- Title: Tabvla Asiæ VII
- Author: Sebastian Münster
- Date: 1540 
- Medium: Woodblock print
- Condition: Very Good - minor age toning and scuffing, light discoloration along issued center fold. Verso contains text to accompany map.
- Inches: 10 3/4 x 8 [Image]
- Centimeters: 27.31 x 20.32 [Image]
- Product ID: 222048
Born in Ingelheim, Germany to a family of farmers, Sebastian Münster (1488-1552) lived through the height of the Protestant Reformation. As a young man, he entered the Franciscan order, initially studying at university in Heidelberg under humanist and theologian Konrad Pellikan (1478-1556). Over the course of his studies at Heidelberg and various other German universities, Münster became friends with Martin Luther (1483-1546), and following his conversion to Lutheranism he accepted a position at the University of Basel in 1529. He would remain there for the rest of his life working as a professor of Hebrew, and gained a reputation as a highly-acclaimed scholar. Münster’s location in Basel (arguably the hub of Early-Modern intellectual activity) compounded with his humanistic inclinations brought him into contact with major reformers, academics, and theologians of the day, with whom he fostered lively academic exchange.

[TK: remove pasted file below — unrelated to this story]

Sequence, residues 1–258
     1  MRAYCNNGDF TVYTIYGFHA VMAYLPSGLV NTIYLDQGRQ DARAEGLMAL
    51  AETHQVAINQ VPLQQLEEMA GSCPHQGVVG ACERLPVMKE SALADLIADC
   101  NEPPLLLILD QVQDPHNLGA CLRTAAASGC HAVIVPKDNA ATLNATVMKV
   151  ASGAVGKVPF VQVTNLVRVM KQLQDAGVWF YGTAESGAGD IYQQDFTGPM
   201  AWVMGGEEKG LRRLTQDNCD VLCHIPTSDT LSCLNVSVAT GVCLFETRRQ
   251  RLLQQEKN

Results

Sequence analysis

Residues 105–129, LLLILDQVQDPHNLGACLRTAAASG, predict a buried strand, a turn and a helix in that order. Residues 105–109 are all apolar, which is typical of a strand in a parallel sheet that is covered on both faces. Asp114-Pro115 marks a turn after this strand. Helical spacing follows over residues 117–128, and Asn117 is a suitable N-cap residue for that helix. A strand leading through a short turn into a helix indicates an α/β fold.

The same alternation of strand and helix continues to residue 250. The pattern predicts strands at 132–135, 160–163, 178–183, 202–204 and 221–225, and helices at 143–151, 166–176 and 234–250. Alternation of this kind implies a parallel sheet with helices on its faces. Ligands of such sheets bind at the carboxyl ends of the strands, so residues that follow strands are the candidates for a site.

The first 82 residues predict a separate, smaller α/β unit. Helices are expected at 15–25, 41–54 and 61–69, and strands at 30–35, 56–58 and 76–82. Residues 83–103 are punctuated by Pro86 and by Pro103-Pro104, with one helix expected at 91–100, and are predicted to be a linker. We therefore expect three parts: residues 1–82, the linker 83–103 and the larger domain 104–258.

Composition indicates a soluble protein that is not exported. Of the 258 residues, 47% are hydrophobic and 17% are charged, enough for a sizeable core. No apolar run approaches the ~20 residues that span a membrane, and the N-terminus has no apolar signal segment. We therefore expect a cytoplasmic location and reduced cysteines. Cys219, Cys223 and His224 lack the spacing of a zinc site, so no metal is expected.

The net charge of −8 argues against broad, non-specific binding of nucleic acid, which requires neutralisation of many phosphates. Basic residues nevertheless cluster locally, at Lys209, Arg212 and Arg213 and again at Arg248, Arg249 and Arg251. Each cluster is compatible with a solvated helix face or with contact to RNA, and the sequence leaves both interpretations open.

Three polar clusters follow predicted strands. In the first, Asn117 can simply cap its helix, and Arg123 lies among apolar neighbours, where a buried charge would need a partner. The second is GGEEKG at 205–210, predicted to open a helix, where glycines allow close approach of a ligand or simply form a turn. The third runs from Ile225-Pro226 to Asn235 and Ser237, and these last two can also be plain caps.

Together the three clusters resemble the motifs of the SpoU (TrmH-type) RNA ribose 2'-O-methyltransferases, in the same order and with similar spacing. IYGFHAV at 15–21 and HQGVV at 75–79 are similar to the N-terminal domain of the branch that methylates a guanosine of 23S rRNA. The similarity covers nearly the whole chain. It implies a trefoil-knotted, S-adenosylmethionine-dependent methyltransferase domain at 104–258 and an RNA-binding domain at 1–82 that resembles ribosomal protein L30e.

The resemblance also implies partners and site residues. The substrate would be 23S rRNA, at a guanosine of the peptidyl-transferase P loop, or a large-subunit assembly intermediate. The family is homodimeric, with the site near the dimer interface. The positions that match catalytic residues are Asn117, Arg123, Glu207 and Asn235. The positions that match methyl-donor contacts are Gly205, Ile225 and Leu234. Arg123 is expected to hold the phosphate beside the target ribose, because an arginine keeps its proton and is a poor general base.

Münster’s first major cartographic work, a 1540 publication of Ptolemy’s Geographica, was the earliest description of the world printed in the German language. In addition to its Ptolemaic maps, Münster’s Geographica included several modern maps which depicted various regions of northern Europe and drew from the work of contemporary cartographers. The Geographica, distinguished by its instantly-recognizable woodcut maps, would be reissued several times over the course of Münster’s life. His second major work, the Cosmographica (1544), was enormously popular and remained in widespread use well into the seventeenth century. Published in six volumes with 471 woodcuts and twenty-six maps, the Cosmographica contained the first map to depict North and South America as a single landmass. This map of ‘Die Nüw Welt’ not only cemented European understanding of the continent by solidifying its naming as ‘America,’ but also stands as the first map to name the Pacific Ocean.
While Münster’s cartographical accomplishments would be eclipsed in subsequent decades by the work of Abraham Ortelius and Gerard Mercator, his maps served as important source material for later cartographers. He also achieved a number of cartographic firsts; in addition to producing the first modern atlas, he was the first to use separate maps for each of the four continents (America, Europe, Asia, and Africa).